Freight Costs Leave this section Illustration: If Sauk pays Haul-It Freight Company $150 for freight charges on its purchase from PW Audio Supply on May 6, the entry on Sauk’s books is: May 6 Freight-in (Transportation-in) 150 Cash SO 7 Explain the recording of purchases and sales of inventory under a periodic inventory system.

54 Recording Purchases under Periodic System
Purchase Returns and Allowances Leave this section Illustration: Sauk Stereo returns $300 of goods to PW Audio Supply and prepares the following entry to recognize the return. May 8 Accounts payable 300 Purchase returns and allowances 300 SO 7 Explain the recording of purchases and sales of inventory under a periodic inventory system.

55 Recording Purchases under Periodic System
Purchase Discounts Leave this section Illustration: On May 14 Sauk Stereo pays the balance due on account to PW Audio Supply, taking the 2% cash discount allowed by PW Audio for payment within 10 days. Sauk Stereo records the payment and discount as follows. May 14 Accounts payable 3,500 Purchase discounts 70 Cash 3,430 SO 7 Explain the recording of purchases and sales of inventory under a periodic inventory system.

56 Recording Sales under Periodic System
Illustration: PW Audio Supply, records the sale of $3,800 of merchandise to Sauk Stereo on May 4 (sales invoice No. 731, Illustration 5-5) as follows. Leave this section May 4 Accounts receivable 3,800 Sales 3,800 No entry is recorded for cost of goods sold at the time of the sale under a periodic system. SO 7 Explain the recording of purchases and sales of inventory under a periodic inventory system.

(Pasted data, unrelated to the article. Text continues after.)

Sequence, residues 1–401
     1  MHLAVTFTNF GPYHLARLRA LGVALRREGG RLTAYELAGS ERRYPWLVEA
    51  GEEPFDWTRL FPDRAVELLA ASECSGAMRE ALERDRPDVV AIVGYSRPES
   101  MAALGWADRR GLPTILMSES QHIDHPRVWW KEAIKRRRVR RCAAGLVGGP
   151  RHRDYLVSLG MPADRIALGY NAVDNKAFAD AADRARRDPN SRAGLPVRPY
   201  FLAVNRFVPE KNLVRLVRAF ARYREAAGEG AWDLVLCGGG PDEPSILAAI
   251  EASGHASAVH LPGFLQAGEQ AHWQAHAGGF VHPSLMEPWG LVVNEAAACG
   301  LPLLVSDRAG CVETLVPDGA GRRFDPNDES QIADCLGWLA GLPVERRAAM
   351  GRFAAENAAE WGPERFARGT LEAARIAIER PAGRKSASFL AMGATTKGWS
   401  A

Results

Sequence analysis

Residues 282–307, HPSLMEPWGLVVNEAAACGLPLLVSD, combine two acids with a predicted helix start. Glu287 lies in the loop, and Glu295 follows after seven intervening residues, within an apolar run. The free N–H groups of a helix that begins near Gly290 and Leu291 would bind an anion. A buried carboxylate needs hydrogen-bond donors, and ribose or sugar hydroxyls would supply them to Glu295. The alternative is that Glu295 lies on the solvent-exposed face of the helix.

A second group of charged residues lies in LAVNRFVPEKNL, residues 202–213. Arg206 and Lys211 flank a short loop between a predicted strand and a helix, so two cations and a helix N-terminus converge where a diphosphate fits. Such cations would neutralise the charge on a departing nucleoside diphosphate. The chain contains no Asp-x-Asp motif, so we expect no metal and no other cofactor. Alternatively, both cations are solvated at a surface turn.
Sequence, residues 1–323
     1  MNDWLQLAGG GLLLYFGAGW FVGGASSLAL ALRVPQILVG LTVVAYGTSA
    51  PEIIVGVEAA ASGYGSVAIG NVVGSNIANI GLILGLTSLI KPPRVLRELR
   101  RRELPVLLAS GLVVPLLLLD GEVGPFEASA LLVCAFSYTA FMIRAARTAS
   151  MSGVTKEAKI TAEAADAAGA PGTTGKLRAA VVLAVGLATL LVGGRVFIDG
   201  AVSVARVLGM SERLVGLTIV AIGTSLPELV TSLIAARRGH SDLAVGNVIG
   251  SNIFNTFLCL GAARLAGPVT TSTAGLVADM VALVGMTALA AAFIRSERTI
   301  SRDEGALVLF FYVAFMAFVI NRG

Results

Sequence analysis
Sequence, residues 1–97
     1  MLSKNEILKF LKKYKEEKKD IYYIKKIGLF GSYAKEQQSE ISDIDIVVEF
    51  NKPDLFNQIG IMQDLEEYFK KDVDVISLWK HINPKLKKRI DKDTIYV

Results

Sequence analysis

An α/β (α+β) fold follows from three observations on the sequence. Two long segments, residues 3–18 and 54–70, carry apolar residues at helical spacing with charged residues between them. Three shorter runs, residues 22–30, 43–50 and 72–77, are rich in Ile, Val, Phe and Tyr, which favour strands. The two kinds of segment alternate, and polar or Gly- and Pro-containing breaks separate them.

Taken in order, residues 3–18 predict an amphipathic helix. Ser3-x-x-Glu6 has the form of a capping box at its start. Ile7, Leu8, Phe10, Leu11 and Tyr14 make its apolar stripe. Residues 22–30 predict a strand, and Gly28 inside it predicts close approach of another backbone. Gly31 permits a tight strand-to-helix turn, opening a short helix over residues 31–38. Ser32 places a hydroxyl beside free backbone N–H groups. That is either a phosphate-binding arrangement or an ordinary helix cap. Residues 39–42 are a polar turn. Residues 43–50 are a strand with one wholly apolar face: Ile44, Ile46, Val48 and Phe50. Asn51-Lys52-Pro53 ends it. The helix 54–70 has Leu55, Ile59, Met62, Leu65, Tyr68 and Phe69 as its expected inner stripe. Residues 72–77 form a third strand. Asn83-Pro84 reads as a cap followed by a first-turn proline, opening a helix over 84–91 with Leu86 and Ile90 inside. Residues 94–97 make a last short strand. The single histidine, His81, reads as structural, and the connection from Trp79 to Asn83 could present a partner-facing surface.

57 Recording Sales under Periodic System
Sales Returns and Allowances Leave this section Illustration: To record the returned goods received from Sauk Stereo on May 8, PW Audio Supply records the $300 sales return as follows. May 4 Sales returns and allowances 300 Accounts receivable 300 SO 7 Explain the recording of purchases and sales of inventory under a periodic inventory system.

58 Recording Sales under Periodic System
Sales Discounts Leave this section Illustration: On May 14, PW Audio Supply receives payment of $3,430 on account from Sauk Stereo. PW Audio honors the 2% cash discount and records the payment of Sauk’s account receivable in full as follows. May 14 Cash 3,430 Sales discounts 70 Accounts receivable 3,500 SO 7 Explain the recording of purchases and sales of inventory under a periodic inventory system.

59 Comparison of Entries—Perpetual Vs. Periodic
Leave this section Illustration 5A-2 SO 7 Explain the recording of purchases and sales of inventory under a periodic inventory system.

60 Comparison of Entries—Perpetual Vs. Periodic
Leave this section Illustration 5A-2 SO 7 Explain the recording of purchases and sales of inventory under a periodic inventory system.

61 Worksheet for a Merchandising Company
Illustration 5B-1

62 Practice Question Practice Question Home Assignment:
1- Problem 5-2A & 5-3A (to be submitted) 45 minutes 2- Read chapter 5 (and slides) 40 minutes 3- Prepare for case study c-5 40 minutes 4-Prepare for Quiz from chapter 5

63 Copyright “Copyright © 2009 John Wiley & Sons, Inc. All rights reserved. Reproduction or translation of this work beyond that permitted in Section 117 of the 1976 United States Copyright Act without the express written permission of the copyright owner is unlawful. Request for further information should be addressed to the Permissions Department, John Wiley & Sons, Inc. The purchaser may make back-up copies for his/her own use only and not for distribution or resale. The Publisher assumes no responsibility for errors, omissions, or damages, caused by the use of these programs or from the use of the information contained herein.”